The UK property industry is booming like never before. With the property market continuing to grow and even more good news still ahead, becoming a property manager could be the next challenge for you.
Preparation is everything when it comes to making a career change with a property management franchise, so if you’ve been asking yourself whether now is the right time to make an ambitious change with a property franchise, you’ll need to start preparing for what the transition could mean for you.
Despite the doubts hanging over parts of the UK economy, the property industry remains resilient. In fact, the outlook for the property management sector is overwhelmingly positive, meaning there’s never been a better time to make an ambitious change.
What does a property manager do?
Property managers are at the front of this multi-billion industry, ensuring that franchises are running smoothly from one day to the next, and managing the properties that their clients ask them to. On any given day, you could be:
- Collecting rent and managing rent payments
- Maintaining the properties you manage
- Dealing with property repairs
- Finding and screening potential tenants
- Acting as the go-between for a landlord and tenants
- Dealing with tenants and any issues they might have
- Handling leases and dealing with tenants when they move out
- Handling evictions and delivering notice to tenants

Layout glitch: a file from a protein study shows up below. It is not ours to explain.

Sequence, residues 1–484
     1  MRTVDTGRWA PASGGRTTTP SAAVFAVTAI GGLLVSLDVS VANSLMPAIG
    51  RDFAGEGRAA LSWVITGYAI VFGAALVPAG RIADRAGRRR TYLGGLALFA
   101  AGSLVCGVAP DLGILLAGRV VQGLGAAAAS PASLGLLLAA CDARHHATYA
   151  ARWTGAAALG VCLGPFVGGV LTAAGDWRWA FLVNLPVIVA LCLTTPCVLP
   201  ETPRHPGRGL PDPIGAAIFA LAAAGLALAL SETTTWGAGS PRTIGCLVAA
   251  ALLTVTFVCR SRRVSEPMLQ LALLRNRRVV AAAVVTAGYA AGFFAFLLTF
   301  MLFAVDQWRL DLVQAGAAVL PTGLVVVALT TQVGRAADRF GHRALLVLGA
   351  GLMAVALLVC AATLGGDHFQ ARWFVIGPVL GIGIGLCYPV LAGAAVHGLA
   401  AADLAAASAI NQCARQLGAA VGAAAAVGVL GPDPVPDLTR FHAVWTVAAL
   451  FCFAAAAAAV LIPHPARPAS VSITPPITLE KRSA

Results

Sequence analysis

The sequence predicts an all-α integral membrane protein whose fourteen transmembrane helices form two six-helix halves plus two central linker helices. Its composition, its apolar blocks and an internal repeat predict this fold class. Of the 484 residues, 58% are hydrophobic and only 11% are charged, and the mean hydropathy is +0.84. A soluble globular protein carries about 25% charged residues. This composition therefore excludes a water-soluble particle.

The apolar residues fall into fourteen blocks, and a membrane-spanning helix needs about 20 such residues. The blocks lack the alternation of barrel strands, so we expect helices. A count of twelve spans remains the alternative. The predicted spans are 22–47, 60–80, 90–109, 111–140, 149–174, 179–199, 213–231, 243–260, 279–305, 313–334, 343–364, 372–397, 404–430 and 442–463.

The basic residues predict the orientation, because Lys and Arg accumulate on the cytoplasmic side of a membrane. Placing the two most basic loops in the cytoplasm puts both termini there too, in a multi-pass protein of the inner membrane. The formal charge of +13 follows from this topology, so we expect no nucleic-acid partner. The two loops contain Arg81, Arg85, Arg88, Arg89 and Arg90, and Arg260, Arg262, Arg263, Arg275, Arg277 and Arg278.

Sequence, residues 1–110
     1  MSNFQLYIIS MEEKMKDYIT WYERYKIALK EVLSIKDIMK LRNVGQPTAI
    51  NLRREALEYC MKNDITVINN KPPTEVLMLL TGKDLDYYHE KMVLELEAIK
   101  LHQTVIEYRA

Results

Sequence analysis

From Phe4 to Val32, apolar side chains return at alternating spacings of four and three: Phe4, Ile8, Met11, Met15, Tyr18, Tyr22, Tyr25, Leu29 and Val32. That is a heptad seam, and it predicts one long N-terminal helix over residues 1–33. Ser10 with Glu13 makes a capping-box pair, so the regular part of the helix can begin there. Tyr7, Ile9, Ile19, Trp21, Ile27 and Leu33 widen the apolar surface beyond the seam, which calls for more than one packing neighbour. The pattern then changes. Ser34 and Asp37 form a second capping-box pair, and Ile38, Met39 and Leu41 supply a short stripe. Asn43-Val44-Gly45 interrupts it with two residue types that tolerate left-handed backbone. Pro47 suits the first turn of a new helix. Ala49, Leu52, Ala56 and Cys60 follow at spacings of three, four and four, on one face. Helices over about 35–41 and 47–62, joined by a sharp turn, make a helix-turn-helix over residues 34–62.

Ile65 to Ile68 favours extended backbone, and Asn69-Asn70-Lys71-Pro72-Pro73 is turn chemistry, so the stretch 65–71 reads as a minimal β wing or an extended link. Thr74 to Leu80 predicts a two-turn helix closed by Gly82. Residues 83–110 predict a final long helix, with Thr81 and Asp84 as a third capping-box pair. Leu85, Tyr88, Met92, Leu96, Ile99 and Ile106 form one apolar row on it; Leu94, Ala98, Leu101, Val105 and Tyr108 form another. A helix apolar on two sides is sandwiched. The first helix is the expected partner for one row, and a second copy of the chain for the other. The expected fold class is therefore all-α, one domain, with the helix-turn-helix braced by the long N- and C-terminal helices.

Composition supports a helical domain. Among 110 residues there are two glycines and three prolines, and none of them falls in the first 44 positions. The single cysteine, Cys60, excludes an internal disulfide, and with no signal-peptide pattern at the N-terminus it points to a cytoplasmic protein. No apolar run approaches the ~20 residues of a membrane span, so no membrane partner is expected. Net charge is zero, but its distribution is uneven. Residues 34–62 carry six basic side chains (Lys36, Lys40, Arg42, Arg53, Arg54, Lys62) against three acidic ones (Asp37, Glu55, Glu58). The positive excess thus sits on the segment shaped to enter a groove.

- Managing complaints and dealing with any emergencies that arise
- Supervising any employees you may have
And in return, you can expect to reap all the advantages that come with running a property management franchise. From working in a recession-proof industry, to being able to work flexibly to being your own boss, there are dozens of exciting advantages to being a property manager.
How to become a property manager
So if you’ve decided this is the right sector for your skills, and you’re ready to choose a property management franchise that’s right for you, here’s what you need to know to become a property manager.
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1. Get qualified
Qualifications don’t always equate to being a good property manager, but they also don’t rule you out of being a good one either. Depending on which property management franchise you’re speaking to, you could find that they might want potential franchisees to have some minimum qualifications before signing on the dotted line.
To give you some pointers, you could choose to pursue a qualification from IRPM which provides nationally recognised qualifications to the property industry, and offers qualifications such as:
- IRPM level one qualification
- IRPM level two foundation course and exam in leasehold management
- IRPM level two foundation course and exam in build to rent
- IRPM level three associate course and exam in leasehold management
- IRPM level 4 Build to Rent Course and Exam
- Professional diploma in property factoring